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Memorial Fund

Stanford C. Ericksen
LSA Minutes

Stanford Ericksen 11,591

Stanford C. Ericksen, Professor emeritus of Psychology and founding Director of the Center for Research on Learning and Teaching of the University of Michigan died April 10th in Florida at the age of 88. In 1962 Professor Ericksen was recruited from his position as Chairman of the Department of Psychology at Vanderbilt University to direct the center on university teaching authorized by regental action in September 1962. The new center was directed to provide assistance to the faculty in the task of providing effective instruction of the highest quality. The Center for Research on Learning and Teaching was the first such Center in the United States. Today almost every university in the United States has such a center and the Center for Research and Teaching (CRLT) has been used as a model not only by American universities but also by universities in many other countries.

Ericksen urged that "research" be included in the title of the center because he believed that the work of the center needed to be grounded on research, not simply reflecting current unevaluated innovations. Ericksen's own previous research on human learning, as well as the solid base of CRLT's programs in theory and research on learning and instruction helped the Center achieve credibility among skeptical academics at Michigan and nationally. Memo to the Faculty, which he edited and often wrote, became the most widely read publication in higher education in America.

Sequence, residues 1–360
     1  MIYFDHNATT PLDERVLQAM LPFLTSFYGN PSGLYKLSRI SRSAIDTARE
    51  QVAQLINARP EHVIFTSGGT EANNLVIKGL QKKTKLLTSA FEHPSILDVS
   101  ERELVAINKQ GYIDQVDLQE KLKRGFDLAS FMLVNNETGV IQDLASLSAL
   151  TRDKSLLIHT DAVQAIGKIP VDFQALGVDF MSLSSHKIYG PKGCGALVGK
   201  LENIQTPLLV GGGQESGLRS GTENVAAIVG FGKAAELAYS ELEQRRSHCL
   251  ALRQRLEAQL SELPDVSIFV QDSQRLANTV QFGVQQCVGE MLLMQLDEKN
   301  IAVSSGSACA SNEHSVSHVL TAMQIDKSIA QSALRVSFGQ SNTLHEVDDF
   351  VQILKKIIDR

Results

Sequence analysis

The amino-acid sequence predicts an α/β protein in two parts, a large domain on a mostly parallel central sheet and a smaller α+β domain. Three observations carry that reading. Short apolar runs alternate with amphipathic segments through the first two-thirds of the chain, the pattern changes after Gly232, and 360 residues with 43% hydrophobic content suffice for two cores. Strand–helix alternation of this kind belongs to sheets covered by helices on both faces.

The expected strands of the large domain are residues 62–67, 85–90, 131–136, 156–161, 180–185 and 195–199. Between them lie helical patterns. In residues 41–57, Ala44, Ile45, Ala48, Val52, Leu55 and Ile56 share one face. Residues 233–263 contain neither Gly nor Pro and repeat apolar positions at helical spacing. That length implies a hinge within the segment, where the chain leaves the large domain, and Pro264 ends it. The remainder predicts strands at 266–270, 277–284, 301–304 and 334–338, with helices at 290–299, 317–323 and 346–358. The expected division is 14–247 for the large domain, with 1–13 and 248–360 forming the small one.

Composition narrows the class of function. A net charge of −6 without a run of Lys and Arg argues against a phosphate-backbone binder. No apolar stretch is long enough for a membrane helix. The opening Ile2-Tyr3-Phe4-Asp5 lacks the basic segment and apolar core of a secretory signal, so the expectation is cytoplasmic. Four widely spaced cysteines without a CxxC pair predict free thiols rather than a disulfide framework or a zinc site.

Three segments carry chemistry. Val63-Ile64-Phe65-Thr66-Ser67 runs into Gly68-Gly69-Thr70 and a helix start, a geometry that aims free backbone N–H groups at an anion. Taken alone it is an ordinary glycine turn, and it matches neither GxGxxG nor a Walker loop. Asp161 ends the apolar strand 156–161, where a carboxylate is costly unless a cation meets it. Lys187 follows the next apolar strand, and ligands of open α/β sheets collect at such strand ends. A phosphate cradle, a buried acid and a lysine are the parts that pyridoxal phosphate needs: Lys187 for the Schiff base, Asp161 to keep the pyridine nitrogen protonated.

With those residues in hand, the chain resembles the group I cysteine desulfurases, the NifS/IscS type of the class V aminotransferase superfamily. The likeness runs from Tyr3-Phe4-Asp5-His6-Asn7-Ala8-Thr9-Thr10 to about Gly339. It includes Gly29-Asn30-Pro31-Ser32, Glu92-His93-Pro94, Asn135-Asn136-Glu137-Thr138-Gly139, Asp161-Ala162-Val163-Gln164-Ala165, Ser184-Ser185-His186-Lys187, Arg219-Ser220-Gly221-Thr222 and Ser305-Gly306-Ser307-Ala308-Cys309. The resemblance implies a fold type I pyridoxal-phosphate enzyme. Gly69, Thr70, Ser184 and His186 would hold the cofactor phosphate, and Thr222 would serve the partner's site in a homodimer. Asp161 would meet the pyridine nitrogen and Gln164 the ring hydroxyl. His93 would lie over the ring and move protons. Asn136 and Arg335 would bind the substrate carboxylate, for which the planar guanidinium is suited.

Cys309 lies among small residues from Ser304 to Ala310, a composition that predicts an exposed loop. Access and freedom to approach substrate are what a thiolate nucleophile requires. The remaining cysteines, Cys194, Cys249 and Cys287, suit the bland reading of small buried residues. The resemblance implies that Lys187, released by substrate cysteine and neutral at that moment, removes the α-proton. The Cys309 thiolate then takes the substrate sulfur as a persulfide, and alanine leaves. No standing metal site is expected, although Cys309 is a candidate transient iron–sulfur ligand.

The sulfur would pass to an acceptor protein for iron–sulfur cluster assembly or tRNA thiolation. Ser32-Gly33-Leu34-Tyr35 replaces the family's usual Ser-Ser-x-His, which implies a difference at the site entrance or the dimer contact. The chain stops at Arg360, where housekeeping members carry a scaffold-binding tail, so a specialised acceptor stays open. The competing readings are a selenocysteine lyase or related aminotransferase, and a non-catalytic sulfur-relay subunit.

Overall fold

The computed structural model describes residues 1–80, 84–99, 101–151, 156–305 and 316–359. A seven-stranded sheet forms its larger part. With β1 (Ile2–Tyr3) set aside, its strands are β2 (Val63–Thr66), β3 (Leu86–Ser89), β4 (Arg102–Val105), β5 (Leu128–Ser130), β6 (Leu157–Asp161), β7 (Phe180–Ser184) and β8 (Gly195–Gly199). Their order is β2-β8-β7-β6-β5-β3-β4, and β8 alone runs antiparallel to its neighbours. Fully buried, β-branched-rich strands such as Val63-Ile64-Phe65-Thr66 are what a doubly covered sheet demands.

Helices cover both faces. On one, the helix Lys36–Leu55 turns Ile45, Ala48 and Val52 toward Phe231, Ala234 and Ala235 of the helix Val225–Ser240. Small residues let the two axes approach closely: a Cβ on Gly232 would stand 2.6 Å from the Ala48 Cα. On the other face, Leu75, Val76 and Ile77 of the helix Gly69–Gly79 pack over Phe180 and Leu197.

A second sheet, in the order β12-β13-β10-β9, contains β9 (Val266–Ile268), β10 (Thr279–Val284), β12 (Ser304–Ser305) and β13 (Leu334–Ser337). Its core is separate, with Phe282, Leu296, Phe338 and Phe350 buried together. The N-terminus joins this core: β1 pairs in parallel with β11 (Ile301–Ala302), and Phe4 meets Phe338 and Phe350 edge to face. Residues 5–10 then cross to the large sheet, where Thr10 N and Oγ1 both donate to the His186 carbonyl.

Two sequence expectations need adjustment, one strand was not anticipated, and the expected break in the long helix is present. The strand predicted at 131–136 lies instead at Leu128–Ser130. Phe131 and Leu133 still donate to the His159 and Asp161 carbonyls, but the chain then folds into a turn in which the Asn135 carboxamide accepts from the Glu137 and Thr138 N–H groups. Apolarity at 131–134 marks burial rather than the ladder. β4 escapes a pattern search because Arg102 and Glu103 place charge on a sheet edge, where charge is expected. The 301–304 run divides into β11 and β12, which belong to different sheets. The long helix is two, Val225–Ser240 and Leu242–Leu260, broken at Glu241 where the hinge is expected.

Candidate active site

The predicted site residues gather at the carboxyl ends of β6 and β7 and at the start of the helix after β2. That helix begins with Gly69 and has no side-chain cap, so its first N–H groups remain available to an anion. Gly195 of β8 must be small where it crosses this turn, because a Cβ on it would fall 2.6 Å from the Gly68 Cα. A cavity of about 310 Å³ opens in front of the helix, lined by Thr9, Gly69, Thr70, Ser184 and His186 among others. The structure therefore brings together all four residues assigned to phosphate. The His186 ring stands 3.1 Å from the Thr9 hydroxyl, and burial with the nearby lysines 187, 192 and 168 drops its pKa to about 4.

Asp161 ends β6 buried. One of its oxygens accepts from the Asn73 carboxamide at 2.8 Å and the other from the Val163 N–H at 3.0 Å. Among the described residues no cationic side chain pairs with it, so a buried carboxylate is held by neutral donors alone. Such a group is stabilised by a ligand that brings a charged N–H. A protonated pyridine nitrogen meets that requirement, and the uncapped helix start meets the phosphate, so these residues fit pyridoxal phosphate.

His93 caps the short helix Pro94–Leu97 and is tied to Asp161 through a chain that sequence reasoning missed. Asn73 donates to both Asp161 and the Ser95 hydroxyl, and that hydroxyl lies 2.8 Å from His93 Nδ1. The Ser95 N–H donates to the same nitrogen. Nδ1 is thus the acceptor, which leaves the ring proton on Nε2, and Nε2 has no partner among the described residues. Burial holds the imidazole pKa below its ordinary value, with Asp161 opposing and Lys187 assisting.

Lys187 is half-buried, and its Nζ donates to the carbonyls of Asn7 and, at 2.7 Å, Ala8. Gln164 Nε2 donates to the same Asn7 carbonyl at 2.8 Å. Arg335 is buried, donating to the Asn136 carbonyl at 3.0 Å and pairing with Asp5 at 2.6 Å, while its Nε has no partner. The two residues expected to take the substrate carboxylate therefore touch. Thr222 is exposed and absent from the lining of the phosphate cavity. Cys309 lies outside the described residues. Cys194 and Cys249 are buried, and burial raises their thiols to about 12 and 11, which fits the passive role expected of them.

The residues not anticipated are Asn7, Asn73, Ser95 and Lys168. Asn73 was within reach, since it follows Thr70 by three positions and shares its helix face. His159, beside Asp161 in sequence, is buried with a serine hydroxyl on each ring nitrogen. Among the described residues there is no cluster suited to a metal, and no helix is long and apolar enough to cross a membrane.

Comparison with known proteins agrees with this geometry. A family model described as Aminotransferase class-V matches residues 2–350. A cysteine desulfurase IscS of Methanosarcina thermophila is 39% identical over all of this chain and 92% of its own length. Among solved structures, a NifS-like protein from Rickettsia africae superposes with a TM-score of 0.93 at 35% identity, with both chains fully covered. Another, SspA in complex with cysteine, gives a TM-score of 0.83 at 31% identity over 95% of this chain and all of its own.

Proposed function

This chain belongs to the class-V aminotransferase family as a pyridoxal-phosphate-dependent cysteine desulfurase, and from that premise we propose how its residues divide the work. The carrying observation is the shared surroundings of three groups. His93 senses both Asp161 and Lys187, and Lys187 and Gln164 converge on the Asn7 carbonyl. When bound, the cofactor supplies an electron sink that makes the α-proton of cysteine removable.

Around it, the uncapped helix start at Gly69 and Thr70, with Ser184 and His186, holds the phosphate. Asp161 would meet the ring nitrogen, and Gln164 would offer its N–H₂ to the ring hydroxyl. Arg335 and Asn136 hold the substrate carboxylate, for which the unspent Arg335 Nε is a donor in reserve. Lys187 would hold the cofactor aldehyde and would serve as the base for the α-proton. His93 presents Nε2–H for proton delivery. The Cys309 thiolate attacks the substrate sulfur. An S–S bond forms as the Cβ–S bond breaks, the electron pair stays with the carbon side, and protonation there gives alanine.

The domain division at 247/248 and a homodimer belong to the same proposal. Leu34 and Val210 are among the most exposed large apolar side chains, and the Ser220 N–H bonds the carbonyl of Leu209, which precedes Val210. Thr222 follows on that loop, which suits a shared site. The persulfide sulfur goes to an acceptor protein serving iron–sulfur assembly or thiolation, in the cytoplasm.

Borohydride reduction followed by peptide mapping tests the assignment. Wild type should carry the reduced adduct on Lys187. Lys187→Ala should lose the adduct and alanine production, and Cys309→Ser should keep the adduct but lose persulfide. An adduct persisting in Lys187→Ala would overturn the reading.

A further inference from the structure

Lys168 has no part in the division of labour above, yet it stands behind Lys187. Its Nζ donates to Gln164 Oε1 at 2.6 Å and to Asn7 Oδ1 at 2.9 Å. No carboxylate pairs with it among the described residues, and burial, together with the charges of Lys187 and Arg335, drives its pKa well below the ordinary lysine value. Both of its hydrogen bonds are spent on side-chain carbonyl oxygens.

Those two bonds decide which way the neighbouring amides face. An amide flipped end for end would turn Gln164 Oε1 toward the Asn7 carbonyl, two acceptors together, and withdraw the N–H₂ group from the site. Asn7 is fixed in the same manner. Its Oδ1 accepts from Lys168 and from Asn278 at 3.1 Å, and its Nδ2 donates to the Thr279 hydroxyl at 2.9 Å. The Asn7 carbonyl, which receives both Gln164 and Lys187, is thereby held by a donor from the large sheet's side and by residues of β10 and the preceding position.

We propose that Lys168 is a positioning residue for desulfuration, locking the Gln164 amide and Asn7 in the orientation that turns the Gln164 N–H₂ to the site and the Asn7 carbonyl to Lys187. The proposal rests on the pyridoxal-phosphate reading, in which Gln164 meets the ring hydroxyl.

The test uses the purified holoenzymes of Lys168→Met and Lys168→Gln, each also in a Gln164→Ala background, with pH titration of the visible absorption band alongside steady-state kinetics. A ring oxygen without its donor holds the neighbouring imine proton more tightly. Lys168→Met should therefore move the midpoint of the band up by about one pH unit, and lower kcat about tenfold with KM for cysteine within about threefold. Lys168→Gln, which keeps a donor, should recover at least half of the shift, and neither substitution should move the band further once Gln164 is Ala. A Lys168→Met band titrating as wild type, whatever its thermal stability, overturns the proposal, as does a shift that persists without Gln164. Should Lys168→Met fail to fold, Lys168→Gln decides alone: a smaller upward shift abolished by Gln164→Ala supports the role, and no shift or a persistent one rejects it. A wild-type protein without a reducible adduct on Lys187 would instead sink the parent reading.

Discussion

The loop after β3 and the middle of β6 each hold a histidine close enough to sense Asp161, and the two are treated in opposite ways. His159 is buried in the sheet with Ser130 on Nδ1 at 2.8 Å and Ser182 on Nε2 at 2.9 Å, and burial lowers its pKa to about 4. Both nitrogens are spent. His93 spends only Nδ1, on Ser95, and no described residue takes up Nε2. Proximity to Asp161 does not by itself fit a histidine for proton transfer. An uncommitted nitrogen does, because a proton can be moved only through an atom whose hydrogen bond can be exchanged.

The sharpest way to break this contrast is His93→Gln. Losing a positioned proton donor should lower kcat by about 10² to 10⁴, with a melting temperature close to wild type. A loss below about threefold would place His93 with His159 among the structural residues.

The success of CRLT was also due in no small part to Ericksen's success in recruiting and training an excellent staff for what was then a new career. Ericksen brought to the staff both well known established scholars and promising younger PhDs--Donald Brown,

James Kulik, Robert Kozma, Janet Lawrence, and Karl Zinn. He also nurtured talent. Beverly Black, for example, began as a research assistant but developed into a national leader in faculty development.

He was a member of the founding committee for the Residential College of the university. Within the psychology department he taught well regarded courses in human learning and college teaching. He retired from the University in 1982.

W. J. McKeachie